Novel Combination Regimens Are Expanding the Prostate Cancer Treatment Paradigm


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Marijo Bilusic, MD, PhD, highlights key points presented at the meeting, including considerations with PARP inhibitor combinations for patients with mCRPC, how disease characteristics factor into treatment selection for patients with hormone-sensitive prostate cancer, and more.

Marijo Bilusic, MD, PhD

Marijo Bilusic, MD, PhD

The FDA approvals of 3 PARP inhibitors, talazoparib (Talzenna), olaparib (Lynparza), and niraparib (Zejula), in combination with hormone therapy have redefined the standard of care (SOC) for patients with metastatic castration-resistant prostate cancer (mCRPC), although the role of single-agent PARP inhibitors in this population remains to be elucidated, according to Marijo Bilusic, MD, PhD.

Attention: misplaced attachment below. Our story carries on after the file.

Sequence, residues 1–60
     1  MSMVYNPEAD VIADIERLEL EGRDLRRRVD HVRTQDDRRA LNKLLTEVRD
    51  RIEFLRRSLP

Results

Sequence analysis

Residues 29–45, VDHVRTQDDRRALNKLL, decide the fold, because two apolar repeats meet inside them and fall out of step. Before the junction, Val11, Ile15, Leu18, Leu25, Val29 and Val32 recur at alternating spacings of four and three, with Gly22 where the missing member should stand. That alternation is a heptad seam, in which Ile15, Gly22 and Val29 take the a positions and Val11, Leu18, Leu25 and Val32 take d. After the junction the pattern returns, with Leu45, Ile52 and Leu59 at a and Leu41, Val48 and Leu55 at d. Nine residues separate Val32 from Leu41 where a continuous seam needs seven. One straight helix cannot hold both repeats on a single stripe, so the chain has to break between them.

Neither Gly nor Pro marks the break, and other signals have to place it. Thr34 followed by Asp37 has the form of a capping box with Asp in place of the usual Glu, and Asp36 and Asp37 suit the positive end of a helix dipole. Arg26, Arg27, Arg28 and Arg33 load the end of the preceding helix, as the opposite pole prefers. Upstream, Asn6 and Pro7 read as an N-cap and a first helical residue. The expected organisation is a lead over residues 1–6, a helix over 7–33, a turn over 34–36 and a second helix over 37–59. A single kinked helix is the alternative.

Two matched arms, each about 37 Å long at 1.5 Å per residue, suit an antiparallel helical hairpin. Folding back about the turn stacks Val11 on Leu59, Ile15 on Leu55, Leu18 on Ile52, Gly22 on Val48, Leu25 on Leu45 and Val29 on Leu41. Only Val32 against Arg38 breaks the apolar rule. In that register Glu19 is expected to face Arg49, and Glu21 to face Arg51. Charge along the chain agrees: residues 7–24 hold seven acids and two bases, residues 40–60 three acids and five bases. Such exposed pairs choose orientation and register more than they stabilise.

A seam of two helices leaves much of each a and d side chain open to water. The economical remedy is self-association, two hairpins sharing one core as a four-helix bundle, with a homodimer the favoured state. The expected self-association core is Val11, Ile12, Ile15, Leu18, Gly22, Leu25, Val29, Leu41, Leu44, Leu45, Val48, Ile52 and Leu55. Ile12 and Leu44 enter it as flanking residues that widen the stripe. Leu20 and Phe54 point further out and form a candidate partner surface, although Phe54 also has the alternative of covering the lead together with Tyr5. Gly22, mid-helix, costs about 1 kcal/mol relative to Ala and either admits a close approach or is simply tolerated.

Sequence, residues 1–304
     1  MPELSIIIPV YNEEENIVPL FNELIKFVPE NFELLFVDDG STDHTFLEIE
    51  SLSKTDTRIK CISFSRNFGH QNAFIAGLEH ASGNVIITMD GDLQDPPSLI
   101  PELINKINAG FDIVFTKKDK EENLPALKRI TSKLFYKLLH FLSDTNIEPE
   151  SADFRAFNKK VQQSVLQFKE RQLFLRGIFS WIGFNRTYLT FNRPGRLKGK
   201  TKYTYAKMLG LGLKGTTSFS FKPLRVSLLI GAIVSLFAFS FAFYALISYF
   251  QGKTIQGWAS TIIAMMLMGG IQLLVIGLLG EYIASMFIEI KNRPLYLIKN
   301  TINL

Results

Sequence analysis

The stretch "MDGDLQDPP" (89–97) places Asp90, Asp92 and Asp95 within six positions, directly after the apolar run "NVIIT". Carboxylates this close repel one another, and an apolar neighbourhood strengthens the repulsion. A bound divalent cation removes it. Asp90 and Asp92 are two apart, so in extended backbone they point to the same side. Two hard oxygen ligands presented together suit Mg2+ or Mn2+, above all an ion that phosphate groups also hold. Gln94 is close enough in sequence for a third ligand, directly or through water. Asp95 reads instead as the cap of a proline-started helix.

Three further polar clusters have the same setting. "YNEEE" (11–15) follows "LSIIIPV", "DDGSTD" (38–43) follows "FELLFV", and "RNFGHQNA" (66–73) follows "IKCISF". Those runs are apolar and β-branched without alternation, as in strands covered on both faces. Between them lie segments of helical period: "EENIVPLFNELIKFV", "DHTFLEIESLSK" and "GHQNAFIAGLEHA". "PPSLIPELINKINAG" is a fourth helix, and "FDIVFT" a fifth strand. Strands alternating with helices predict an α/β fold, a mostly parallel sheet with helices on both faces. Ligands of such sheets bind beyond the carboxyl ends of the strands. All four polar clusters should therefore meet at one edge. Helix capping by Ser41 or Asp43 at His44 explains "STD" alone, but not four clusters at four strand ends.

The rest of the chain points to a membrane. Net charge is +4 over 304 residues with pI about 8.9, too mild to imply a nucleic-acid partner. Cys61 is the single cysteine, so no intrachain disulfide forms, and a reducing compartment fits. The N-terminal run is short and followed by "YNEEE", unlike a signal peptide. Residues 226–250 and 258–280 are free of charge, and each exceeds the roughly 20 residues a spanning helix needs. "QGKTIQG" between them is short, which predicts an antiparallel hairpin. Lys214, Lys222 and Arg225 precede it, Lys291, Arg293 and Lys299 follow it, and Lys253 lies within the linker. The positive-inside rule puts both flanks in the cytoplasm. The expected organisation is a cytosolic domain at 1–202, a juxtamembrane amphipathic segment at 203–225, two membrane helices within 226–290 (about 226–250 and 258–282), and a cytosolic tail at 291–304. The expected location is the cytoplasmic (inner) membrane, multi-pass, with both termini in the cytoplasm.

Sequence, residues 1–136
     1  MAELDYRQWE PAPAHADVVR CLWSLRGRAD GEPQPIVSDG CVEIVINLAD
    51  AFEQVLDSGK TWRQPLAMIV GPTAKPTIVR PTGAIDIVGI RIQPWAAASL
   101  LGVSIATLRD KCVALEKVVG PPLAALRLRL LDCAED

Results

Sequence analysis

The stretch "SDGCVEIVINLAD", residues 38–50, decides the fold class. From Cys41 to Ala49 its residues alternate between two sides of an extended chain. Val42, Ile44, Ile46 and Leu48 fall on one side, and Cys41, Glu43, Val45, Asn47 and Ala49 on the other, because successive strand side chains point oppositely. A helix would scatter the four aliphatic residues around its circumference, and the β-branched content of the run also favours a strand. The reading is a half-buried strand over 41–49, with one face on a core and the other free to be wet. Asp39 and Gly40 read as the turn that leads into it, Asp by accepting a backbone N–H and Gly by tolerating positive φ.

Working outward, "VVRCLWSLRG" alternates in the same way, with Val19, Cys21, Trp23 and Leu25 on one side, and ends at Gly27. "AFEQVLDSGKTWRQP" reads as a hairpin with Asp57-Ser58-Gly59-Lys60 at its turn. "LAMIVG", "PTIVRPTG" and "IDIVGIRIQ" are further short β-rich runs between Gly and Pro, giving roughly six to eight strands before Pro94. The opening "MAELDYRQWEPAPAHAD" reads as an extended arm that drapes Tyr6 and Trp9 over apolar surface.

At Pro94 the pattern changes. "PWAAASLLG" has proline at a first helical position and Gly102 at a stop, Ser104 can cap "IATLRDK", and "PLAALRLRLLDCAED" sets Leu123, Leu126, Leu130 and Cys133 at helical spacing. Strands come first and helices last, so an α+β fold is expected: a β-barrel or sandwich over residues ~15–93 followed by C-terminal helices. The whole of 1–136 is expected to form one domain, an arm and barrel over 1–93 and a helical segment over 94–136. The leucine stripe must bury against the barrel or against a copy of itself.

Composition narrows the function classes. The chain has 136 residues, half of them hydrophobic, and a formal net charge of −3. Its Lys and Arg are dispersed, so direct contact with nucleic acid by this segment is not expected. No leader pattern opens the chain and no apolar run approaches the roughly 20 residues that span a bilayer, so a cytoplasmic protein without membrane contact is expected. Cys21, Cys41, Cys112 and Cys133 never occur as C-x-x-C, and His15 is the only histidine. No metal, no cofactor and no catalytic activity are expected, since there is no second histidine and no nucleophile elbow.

Olaparib plus abiraterone and prednisone or prednisolone gained FDA approval in May 2023 for the treatment of patients with BRCA-positive mCRPC based on findings from the phase 3 PROpel trial (NCT03732820). In the trial patients with BRCA-mutated disease experienced a median radiographic progression-free survival (rPFS) that was not reached (NR) in the combination arm (n = 47) vs 8 months (95% CI, 6-15) in the placebo plus abiraterone arm (n = 38; HR, 0.24; 95% CI, 0.12-0.45).1

The PARP inhibitor talazoparib was approved by the FDA in June 2023 in combination with enzalutamide (Xtandi) for patients with homologous recombination repair (HRR) gene–mutated mCRPC based on findings from the phase 3 TALAPRO-2 trial (NCT03395197). Patients with HRR gene–mutated disease experienced a median rPFS of NR in the combination arm (n = 200) vs 13.8 months in the placebo plus enzalutamide arm (n = 199; HR, 0.45; 95% CI, 0.33-0.61; P < .0001).2